AJA 23: Tubeless Sealant Deep-Dive

AJA 23: Tubeless Sealant Deep-Dive



Silca has a new tubeless tire sealant out, and Hottie and Fatty have some questions about it. A whole hour's-worth of questions, in fact. From the recycling aspect of it to setup strategies to keeping carbon fiber from clogging your valve stem, this is the episode that shows what happens when Josh starts thinking about plugging up holes.


Got a question you’d like to ask? Text or leave a voicemail at the Marginal Gains Hotline: +1-317-343-4506 or just leave a comment in this post!

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  • Andrew

    I am a roadie who has become tri-curious, and after a season of triathlon using my road bike with clip-on aerobars, I am considering getting a TT bike with a disc wheel. I love my 28mm tubeless tires, but cannot find a disc wheel that follows the rule of 105 when 28’s are installed. Given there is no trailing rim edge, does the rule of 105 even apply to disc wheels? Or does the width at the hub mean that 105 is more than satisfied

  • Tom C

    Did I hear correctly on this podcast that it is NOT recommended to use CO2 cartridges for latex tube inflation? I just switched to latex tubes a few years ago – don’t have tubeless-ready wheels for my road bike yet – and carry latex tube spares and cartridges.

    Should one carry butyl for their spares and/or switch to a portable pump for roadside tire changes?

    Btw, the innovation in CF in tubeless sealant sounds compelling. I was not keen on adding more hassle with the current situation of road tubeless sealants, but this sealant with the replenisher sounds like something I could live with.

    Thank you,
    St Louis

  • Robert N.

    Paris-Roubaix had a notably high amount of tubeless tires and punctures this year! What is going on? Was it burps on the cobbles, a lack of sealant or something else?

  • David Lilja

    Arguably Paris-Roubaix is the toughest test of man & machine on the Pro circuit especially when wet. I’m interrupting watching a replay of the ‘21 men’s race with 2.7kms to go now, before later today the ‘22 2nd la’femme edition and tomorrow the men.

    When the question was asked in the podcast about who or when the new Silca’s sealant may have first been used the answer was ‘I can’t say’.

    Josh, when you get back home (or onto your laptop in Europe) can you pretty please tell us now if you will ever be able to tell us who used Silca’s new sealant? I’m not the only one waiting for such critical news of an apparent breakthrough in this such relevant technology, especially for this anniversary of a tubeless tire win at Roubaix. We understand about contracts …but!

    Could any of the future tech you will inevitably be working on be contracted with teams/testers so that in a shorter time-frame you can relay such important and details new tech to us mere mortals? Or maybe tires & sealants themselves after inflation pressures have now become just as competitive in the Pro peloton as once-upon-a-time on the F1 grid. Moscon did perhaps lose because of a puncture last year; were Ineos using tubes?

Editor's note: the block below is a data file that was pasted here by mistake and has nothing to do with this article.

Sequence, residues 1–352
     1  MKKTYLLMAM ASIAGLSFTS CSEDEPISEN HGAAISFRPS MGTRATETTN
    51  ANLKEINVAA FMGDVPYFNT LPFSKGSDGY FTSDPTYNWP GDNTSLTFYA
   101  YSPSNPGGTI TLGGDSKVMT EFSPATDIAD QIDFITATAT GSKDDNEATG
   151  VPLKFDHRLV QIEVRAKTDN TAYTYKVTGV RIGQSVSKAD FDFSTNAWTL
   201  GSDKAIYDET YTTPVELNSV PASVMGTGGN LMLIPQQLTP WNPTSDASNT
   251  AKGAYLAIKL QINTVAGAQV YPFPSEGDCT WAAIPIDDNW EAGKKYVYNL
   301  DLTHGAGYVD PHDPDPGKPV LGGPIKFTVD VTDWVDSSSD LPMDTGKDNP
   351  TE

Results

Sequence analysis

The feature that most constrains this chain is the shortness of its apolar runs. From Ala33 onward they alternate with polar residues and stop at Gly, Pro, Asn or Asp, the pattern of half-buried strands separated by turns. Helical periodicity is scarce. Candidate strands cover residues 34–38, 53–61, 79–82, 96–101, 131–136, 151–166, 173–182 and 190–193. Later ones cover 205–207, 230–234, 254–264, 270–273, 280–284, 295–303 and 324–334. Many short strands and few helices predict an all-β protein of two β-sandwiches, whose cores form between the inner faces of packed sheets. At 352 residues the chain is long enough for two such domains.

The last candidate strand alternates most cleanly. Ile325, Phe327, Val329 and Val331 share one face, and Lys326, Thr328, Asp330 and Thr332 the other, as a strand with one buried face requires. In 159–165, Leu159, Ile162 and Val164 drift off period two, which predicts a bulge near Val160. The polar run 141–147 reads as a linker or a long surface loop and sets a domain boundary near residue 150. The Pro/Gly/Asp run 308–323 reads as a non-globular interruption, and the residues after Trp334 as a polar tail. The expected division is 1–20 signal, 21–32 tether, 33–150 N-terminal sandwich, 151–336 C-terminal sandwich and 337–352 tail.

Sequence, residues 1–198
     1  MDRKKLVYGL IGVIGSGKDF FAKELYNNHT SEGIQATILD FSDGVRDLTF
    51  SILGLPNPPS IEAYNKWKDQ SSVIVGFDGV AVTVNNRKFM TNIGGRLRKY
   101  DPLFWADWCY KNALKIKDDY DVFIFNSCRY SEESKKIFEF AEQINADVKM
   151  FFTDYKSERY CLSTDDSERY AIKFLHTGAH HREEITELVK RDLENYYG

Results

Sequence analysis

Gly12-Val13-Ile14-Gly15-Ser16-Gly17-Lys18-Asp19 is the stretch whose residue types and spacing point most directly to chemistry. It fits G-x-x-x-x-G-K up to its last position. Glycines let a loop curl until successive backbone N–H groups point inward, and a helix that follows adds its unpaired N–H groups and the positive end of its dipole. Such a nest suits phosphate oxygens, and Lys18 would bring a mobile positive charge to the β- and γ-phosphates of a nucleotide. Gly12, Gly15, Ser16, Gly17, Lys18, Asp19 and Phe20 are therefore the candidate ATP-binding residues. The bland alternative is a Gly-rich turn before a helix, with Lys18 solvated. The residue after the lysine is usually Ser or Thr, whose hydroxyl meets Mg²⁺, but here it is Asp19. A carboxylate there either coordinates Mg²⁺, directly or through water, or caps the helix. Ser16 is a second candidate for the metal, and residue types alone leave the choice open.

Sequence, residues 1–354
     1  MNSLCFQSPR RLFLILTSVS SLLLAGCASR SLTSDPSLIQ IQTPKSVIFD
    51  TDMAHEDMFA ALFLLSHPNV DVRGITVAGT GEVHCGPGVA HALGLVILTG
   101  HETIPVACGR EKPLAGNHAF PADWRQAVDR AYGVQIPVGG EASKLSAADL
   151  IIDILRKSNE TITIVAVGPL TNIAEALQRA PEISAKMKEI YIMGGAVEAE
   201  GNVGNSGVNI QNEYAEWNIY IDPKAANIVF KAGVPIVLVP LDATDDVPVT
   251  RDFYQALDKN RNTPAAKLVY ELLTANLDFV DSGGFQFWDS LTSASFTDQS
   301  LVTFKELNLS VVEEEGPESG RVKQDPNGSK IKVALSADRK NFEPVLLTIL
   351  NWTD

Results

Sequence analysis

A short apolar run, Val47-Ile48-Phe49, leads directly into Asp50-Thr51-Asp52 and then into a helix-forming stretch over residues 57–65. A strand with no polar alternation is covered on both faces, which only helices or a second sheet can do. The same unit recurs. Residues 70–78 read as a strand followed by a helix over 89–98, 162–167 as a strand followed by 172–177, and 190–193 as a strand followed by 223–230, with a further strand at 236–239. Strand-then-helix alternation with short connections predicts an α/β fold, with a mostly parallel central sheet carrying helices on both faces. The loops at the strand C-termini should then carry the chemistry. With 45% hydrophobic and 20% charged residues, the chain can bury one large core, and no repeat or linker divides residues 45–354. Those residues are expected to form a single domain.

Perhaps you wish for a second but more annoying catch phrase after “that depends!” has become your first (which we wish we weren’t be-grudgingly forced to agree with, of course ‘it’ always depends). “I can’t say!”, we’d rather hear this said Josh, “I can’t say …yet!” At least give us some hope! :)

    I’m cheering for Cobrelli, w’duya think are his chances with 2.7 to go now?

  • David Lilja

    Could ‘The’ Replenisher (thanks Hottie) alone work with any real world benefit if added directly through the valve inside latex, TPU or other tubes for some degree of added puncture resistance or air loss benefit? Could dry and separate carbon fibres be added first through the valve if the fibre content is too low to be useful for these benefits using Replenisher alone?

    Silca’s 2 sealant products would appear to have a neutral effect upon latex and rubbers more generally, and what about with TPU? A lightweight spare tube (of any type) could be pre-treated and also replenished as needed.

    Many existing wheels can not meet or exceed the 105% rule with larger tires than an ‘old school’ 23mm version at best and especially with newer tubeless sizes.

    Josh, you have said that no-one is putting any further development $s into non-tubeless options. Perhaps this could allow continued use of such wheelsets including tubular and those using rim brakes too which have all been abandoned for wider disc only variants in recent times.

    We all understand about economic constraints upon bicycle companies to sell new product! How do we continue using these existing products to lower our future carbon footprints from the need for more high energy production to create more ‘modern’ replacements and therefore save the scraping of such ‘classic’ equipment and benefit from marginal gains thinking responsibly at the same time?

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